On the morning of March 30, 2019, at exactly 11:45 a.m.
a shining human light left us. Gusti Kollman was not a famous actress or politician or writer, she was simply a human being who emanated joy and love to whomever she encountered. Gusti was an example of what is sorely missing in our current-day world. She saw the good in everyone and treated all humans, animals and even plants with the utmost
respect. When you were in her presence, you were all that mattered. She had that effect on everyone, whether it was her children, grandchildren, great-grandchildren, her friends, the workers at the Crowded Closet thrift store in Iowa City, and to the countless aides and nurses who cared for her during her almost 20-year stay at Oaknoll Retirement Center.
Gusti Kollman was born in Vienna, Austria, on Sept. 20, 1912, to a Jewish shop keeper and his wife. Her extraordinary life spanned two world wars, an escape from the Nazis in 1939 with her beloved husband, Eric, a beginning in Fairfield, Iowa, a year in Iowa City, 56 years in Mount Vernon, Iowa, and 19 years at Oaknoll Retirement Home in Iowa City.
In Fairfield, Gusti taught soldiers German on their way to war. In 1941, she gave birth to her first child, Gerda Anne Kollman. Soon thereafter, Eric's parents joined this young family. In 1944, while Eric was teaching in Iowa City, Peter Andrew Kollman was born. Shortly thereafter, the whole family moved to Mount Vernon where Eric joined the history department at Cornell College. At Cornell, Gusti taught chemistry and swimming until her third child Miriam Lou Kollman was born in 1949.
Through the years in Mount Vernon, Gusti was an active member of the League of Women Voters, working to ensure that the rights of all people were honored. She carried her belief in equality for all from her youth in Vienna where she fought for higher wages and better conditions for the workers. She and Eric both became iconic figures in this little Iowa town. Whenever famous people such as Robert Frost or Carl Sandburg, or the president of Austria, came to give a lecture, the Kollman household would always be the welcoming center. Even though they were the only Jews in Mount Vernon, and refugees from Austria, they managed to embed themselves deeply into this community. They did this by welcoming all people, regardless of race, class or creed. They gave a sense of belonging and therefore received it as well. As Gusti would often say, "We were given the gift of life when so many died, and we will not spend one minute putting hate into the world. It is only in seeing the good in others who are different that we can stop holocausts from happening."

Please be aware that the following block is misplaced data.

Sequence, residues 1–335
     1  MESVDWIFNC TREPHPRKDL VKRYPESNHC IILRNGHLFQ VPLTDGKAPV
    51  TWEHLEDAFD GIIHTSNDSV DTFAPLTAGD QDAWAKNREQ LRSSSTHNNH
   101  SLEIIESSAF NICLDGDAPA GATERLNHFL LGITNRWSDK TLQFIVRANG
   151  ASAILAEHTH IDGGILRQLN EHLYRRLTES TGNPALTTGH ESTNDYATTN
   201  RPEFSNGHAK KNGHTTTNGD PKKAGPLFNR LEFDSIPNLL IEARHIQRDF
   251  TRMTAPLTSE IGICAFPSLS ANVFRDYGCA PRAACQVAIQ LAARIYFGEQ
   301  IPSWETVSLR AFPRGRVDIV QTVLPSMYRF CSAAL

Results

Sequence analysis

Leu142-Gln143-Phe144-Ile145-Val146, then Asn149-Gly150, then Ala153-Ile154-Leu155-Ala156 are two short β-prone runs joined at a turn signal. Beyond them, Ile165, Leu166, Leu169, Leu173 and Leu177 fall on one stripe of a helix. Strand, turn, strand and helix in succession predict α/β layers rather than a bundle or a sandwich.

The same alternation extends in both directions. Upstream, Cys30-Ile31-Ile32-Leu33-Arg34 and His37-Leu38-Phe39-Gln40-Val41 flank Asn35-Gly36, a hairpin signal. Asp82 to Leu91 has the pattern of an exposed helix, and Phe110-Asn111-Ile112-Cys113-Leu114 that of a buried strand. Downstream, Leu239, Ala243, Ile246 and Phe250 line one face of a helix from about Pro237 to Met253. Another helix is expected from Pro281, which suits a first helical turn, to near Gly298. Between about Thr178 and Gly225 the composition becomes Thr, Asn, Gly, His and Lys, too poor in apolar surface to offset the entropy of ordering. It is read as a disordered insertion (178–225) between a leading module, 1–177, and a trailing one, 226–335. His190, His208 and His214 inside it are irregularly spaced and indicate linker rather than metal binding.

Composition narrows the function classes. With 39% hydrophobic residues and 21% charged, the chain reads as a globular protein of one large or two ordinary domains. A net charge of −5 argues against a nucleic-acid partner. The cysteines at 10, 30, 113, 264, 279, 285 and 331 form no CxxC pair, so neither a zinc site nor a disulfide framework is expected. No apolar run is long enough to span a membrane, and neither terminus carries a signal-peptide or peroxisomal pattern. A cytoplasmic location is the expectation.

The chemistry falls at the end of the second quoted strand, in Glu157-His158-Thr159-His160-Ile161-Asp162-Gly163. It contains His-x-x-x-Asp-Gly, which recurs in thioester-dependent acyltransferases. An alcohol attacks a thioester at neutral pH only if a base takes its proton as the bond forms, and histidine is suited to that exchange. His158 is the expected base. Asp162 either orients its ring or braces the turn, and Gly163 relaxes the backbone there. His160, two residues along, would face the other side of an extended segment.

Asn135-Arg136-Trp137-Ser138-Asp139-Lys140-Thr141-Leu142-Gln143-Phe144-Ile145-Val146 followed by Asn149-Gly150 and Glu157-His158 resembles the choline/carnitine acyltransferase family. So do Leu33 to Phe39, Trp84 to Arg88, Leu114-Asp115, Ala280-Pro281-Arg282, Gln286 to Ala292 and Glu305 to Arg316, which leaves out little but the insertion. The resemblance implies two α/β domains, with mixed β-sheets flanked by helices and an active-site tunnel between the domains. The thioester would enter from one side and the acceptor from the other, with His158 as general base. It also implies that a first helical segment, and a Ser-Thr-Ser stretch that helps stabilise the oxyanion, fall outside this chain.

Even though Eric died in 1981, Gusti, who was only 68, continued to give generously of herself as she lived the next 18 years in Mount Vernon. In 2000, Gusti moved to the Oaknoll Retirement Village. At first, the adjustment was hard. But soon, just as she and Eric had done in Mount Vernon, her loving gaze and sweet smile endeared many to her and she created a deep sense of belonging at Oaknoll as well. It was because of all the love that she poured out and was returned to her that she was able to live to 106 1/2. She thrived at Oaknoll as she had in every community she lived by caring for others and receiving their care. It would be fitting in this obit that all the many nurses, aides, doctors and caregivers be mentioned, if only the space would allow.
She would want everyone to know how beloved she felt in her final 18 years and how grateful she was to be here. She often would say in her later years in spite of losing the ability to walk and to hear, "I am already in paradise. I don't need to die." Her eyes would light up in wonder when she saw a person she knew, or an animal. Even the flowers received her constant state of wonder. We can imagine that the plants in her room that she so carefully tended are mourning today, too.
She is survived by her daughters, Gerda and Miriam, both therapists. Her son, Peter, one of three chemists who laid the foundation for the current immunotherapy, died in 2001 at the age of 56. In addition, she has six grandchildren, and 12 great-grandchildren with another on the way.
When you imagine all the loses Gusti endured, her homeland, many of her friends, her parents, her brother and her sisters, her husband and her son, you would think she would be bitter and angry. But instead, she met every challenge with courage and an open heart. She died peacefully surrounded by the family that loved her so dearly. She left with just a whisper. She will be deeply missed. We can imagine her now bringing her loving countenance to wherever she has gone.
There will be a Celebration of Life at Oaknoll Retirement Center in the Oak Dining Room on Tuesday, April 2, 2019, at 2 p.m. Every one is welcome. Family committal services were held at the Mount Vernon Cemetery.
Later this spring, the family will return to Iowa and hold another memorial service at Oaknoll, with the date to be announced. Again, all are welcome.
In lieu of flowers, make a donation to the charity of your choice.
Online condolences may be sent to www.lensingfuneral.com.